One of Jackie’s first jobs after graduate school necessitated that she be on call 24/7. That schedule tested her ability to leave work at the office and fully engage with the rest of her life. Similarly, John spent time in consulting where the sometimes hectic travel and work schedules forced him to think hard about how to guard personal time — to “punch out” from work and create downtime to recharge and rejuvenate.
Many modern workers find it hard to take downtime. The idea of leaving work so cleanly at the office seems quaint in a world of smartphones, laptops, and global companies that are always on to accommodate employees from Hoboken to Hong Kong. But drawing brighter lines between work and time off — family, friends, outside activities, and old-fashioned daydreaming — has clear benefits for productivity, creativity, and wellness. There’s an upside to downtime.
For one, creating the space for downtime increases productivity. Subject to heavy workloads and never-ending to-do lists, it’s easy to put our heads down and charge through tasks, thinking we have no time for days off, free evenings, or weeklong vacations. But driving too hard without breaks can make us less productive and less focused. One experiment found that forcing employees to take days, nights, or extended periods of time off actually increased productivity. And other studies show that brief periods of downtime, like afternoon naps, can restore focus and energy. Taking the time to get out of the details and view of the larger picture can also help us better understand the purpose and priority of our tasks. As Tony Schwartz has written, “human beings perform best and are most productive when they alternate between periods of intense focus and intermittent renewal.”
Similarly, employing downtime — on a planned and ad hoc basis — unleashes creativity. 3M is one of the most innovative companies in history, and to feed their innovation engine, the company introduced “15% time” back in 1948 — giving employees 15% downtime to pursue their own projects, a practice that has since been replicated at companies like Google. Jonah Lehrer has written for The New Yorker about the virtue of daydreaming, and in his book Imagine notes the necessity of downtime for problem solving, saying, “While it’s commonly assumed that the best way to solve a difficult problem is to relentlessly focus, this clenched state of mind comes with a hidden cost: it inhibits the sort of creative connections that lead to breakthroughs.”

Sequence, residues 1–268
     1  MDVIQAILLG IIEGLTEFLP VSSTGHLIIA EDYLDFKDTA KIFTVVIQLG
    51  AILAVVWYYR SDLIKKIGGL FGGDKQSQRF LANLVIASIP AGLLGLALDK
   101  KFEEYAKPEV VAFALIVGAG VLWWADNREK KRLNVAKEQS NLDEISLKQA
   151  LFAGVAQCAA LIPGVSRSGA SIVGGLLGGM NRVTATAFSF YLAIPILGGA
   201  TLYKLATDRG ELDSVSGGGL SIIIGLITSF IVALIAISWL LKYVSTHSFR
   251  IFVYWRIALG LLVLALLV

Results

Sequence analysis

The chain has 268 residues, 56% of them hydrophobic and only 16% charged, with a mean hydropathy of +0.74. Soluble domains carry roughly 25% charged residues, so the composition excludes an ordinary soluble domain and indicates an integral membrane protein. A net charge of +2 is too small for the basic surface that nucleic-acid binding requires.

Finally, downtime can dramatically improve mental and physical health and our personal relationships. One study, for example, found that employees who unplugged and took time off reduced serious health issues like coronary heart disease. Victor Lipman has written in Forbes that exercising midday can help to reduce workplace stress. As John has written previously, just six minutes of reading can reduce stress by 68%. John Tierney and Ron Baumeister state in Willpower that midday breaks can rejuvenate willpower and improve judgment and decision making in the afternoon. And as we have written before, cleanly taking time off from work to focus on your spouse, family, or friends can only improve your relationships. Downtime can be essential for mental, physical, and social health.
So how can you better use downtime?
Here are a few tips that might help.
- Clearly schedule your time: Just as you would schedule a work meeting and stick to it, schedule evenings off, one to two days a week free of work, and weeklong chunks of vacation every year. Unplug, and stick to it.
- Allow for ad hoc downtime when you need it: Google’s headquarters have a game room and on-site massage. One of John’s former employers had arcade games, an on-site coffee house, and scenic hiking trails. If you’re feeling stuck on a problem, frustrated, or simply tired of sitting down, take 10 minutes to walk, read for fun, or grab coffee with a friend to clear your mind.
- Shut off your smartphone: Constant interconnectedness (like smartphone use) is a stressor. Leave your laptop at the office when you’re able. Carry two phones — one for work and one for personal use — and leave the work phone in your bag when you come home or in the safe at your hotel when you’re on vacation. If work requires you to be on call, mentally “shut off” the phone until it rings. Find ways to create clear boundaries between work and life.
- Free up your RAM: In Getting Things Done, author David Allen states that having tasks on our mind is like using up RAM on our personal computers because there is limited capacity in our short-term memory. Instead of going through the day on mental overload, distracted by those fleeting to-dos, it helps to keep an organized list and physical folders containing all of the tasks that take up mental space. Feeling organized enables worry-free downtime.
- Create rituals and routines: Scientists have long recommended developing routines for sounder sleep, and many professionals, like Stephen King, have routines that get them ready for work. Create rituals and routines that signal to your mind that it’s time to start work, leave work, meditate, or engage with family.